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Fears and beliefs in rheumatoid arthritis and spondyloarthritis: a qualitative study.

Berenbaum F, Chauvin P, Hudry C, Mathoret-Philibert F, Poussiere M, De Chalus T, Dreuillet C, Russo-Marie F, Joubert JM, Saraux A - PLoS ONE (2014)

Bottom Line: Beliefs about the disease and apprehensions about the future tended to evolve over the course of the disease, as did treatment expectations.The physician can initiate discussion of these beliefs in order to dispel misconceptions, align treatment expectations, provide reassurance to the patient and readjust disease management.Such a dialogue would help improve standards of care in these chronic and incapacitating diseases.

View Article: PubMed Central - PubMed

Affiliation: Sorbonne Universités, UPMC Univ Paris 6, AP-HP, Hôpital Saint-Antoine, Rheumatology Department, Paris, France.

ABSTRACT

Objectives: To explore beliefs and apprehensions about disease and its treatment in patients with rheumatoid arthritis and spondyloarthritis.

Methods: 25 patients with rheumatoid arthritis and 25 with spondyloarthritis participated in semi-structured interviews about their disease and its treatment. The interviews were performed by trained interviewers in participants' homes. The interviews were recorded and the main themes identified by content analysis.

Results: Patients differentiated between the underlying cause of the disease, which was most frequently identified as a hereditary or individual predisposition. In patients with rheumatoid arthritis, the most frequently cited triggering factor for disease onset was a psychological factor or life-event, whereas patients with spondyloarthritis tended to focus more on an intrinsic vulnerability to disease. Stress and overexertion were considered important triggering factors for exacerbations, and relaxation techniques were frequently cited strategies to manage exacerbations. The unpredictability of the disease course was a common source of anxiety. Beliefs about the disease and apprehensions about the future tended to evolve over the course of the disease, as did treatment expectations.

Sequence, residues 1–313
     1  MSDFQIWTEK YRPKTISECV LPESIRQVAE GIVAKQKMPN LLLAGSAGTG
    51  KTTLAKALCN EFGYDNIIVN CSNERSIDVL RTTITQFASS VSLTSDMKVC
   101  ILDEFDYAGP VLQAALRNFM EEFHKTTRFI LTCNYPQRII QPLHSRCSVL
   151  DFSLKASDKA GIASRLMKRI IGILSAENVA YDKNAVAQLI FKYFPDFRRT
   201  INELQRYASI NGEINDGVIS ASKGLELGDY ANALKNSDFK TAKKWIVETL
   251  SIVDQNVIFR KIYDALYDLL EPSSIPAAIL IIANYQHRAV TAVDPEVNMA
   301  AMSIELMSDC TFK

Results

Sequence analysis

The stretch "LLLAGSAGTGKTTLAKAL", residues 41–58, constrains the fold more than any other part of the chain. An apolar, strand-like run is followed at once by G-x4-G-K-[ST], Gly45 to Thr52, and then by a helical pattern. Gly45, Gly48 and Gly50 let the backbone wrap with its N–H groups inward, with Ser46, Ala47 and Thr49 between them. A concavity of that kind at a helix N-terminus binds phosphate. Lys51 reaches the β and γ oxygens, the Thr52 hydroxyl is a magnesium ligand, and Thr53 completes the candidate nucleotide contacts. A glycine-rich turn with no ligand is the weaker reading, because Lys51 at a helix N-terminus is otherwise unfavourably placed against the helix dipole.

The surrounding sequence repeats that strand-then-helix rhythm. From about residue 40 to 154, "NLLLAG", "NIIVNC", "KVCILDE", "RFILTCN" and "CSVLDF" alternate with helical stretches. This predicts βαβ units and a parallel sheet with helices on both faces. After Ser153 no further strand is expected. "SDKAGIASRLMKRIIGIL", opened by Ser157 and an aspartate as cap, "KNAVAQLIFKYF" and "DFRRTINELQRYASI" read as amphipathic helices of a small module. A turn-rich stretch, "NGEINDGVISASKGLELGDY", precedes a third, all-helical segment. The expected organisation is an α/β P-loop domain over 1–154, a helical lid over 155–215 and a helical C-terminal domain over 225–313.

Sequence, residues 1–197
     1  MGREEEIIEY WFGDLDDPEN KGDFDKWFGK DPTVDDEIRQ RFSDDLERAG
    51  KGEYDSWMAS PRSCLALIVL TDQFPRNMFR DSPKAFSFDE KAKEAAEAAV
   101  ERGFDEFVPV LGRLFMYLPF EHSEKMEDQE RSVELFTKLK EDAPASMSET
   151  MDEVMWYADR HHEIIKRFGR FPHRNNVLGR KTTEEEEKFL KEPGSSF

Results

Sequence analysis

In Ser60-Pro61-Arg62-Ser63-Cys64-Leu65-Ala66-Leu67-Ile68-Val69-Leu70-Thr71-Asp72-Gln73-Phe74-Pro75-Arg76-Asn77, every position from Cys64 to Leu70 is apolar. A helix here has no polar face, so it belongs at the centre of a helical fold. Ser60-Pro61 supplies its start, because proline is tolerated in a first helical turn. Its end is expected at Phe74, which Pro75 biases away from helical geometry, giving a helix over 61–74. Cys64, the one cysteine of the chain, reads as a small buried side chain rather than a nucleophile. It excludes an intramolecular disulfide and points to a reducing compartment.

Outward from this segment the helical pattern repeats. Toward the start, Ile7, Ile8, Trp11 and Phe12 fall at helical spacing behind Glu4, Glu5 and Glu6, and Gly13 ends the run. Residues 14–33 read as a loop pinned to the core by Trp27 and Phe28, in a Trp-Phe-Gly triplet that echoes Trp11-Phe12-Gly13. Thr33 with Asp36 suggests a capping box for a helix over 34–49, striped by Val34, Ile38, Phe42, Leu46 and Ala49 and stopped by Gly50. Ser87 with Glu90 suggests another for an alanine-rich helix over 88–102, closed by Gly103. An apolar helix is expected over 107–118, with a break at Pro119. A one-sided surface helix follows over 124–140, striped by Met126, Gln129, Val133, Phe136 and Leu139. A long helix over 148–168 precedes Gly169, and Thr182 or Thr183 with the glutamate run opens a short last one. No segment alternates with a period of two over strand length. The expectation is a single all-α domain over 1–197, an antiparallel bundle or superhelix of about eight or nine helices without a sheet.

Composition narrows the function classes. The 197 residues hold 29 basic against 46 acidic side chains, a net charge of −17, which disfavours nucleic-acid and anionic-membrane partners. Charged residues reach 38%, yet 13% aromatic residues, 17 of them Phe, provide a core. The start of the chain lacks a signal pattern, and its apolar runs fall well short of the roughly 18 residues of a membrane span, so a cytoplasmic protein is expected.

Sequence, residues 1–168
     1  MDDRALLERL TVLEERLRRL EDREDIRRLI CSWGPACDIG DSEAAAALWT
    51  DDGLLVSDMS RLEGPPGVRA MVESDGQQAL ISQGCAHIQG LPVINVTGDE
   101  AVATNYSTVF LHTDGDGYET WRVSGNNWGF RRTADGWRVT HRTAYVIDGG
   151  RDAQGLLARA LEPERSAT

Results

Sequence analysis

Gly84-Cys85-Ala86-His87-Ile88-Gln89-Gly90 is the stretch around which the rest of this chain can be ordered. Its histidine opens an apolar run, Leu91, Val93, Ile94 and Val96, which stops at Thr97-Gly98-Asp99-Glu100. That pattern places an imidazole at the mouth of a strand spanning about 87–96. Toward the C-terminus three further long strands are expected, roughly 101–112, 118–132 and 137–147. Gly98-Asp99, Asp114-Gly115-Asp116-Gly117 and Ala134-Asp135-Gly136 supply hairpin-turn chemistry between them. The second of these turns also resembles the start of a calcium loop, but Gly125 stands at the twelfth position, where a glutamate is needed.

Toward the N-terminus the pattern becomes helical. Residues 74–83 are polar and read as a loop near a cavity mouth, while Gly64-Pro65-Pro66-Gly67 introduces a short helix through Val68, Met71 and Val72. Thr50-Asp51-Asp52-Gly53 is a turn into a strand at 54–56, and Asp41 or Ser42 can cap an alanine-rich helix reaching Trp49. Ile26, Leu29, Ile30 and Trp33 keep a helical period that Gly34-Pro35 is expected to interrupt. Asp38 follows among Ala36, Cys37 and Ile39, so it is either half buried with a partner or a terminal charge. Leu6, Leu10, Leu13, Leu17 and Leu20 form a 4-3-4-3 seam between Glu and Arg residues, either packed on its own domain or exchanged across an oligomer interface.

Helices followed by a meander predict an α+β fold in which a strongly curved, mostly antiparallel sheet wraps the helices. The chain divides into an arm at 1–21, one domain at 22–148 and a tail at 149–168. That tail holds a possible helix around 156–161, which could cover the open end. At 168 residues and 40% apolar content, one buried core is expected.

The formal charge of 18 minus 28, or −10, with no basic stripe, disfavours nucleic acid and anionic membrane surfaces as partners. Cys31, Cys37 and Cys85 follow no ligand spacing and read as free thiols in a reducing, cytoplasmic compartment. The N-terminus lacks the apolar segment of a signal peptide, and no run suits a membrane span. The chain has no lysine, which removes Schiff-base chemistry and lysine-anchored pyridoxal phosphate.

Conclusions: Patients with rheumatoid arthritis and spondyloarthritis hold a core set of beliefs and apprehensions that reflect their level of information about their disease and are not necessarily appropriate. The physician can initiate discussion of these beliefs in order to dispel misconceptions, align treatment expectations, provide reassurance to the patient and readjust disease management. Such a dialogue would help improve standards of care in these chronic and incapacitating diseases.

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Related in: MedlinePlus

Current repercussions of disease by theme.Filled bars: patients with rheumatoid arthritis; open columns: patients with spondyloarthritis.
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pone-0114350-g001: Current repercussions of disease by theme.Filled bars: patients with rheumatoid arthritis; open columns: patients with spondyloarthritis.

Mentions: Patients reported both current repercussions of their disease as well as fears about the impact that the disease would have on their future lives. Current repercussions are grouped by theme in Fig. 1. Two particular repercussions were evoked by the majority of patients, namely impact on mood and impact on social life. With respect to mood, many patients felt depressed and fed up with the pain and fatigue, but also angry and irritated, particularly by the unpredictable onset of pain. This was accompanied by lowered self-esteem and a feeling of not being able to achieve what they wanted to do or what they could do before. Most patients also reported repercussions on their social life and leisure activities which would either cause them to adapt their activities (timing, duration or intensity) or give them up altogether. This latter situation was frequently a source of depression.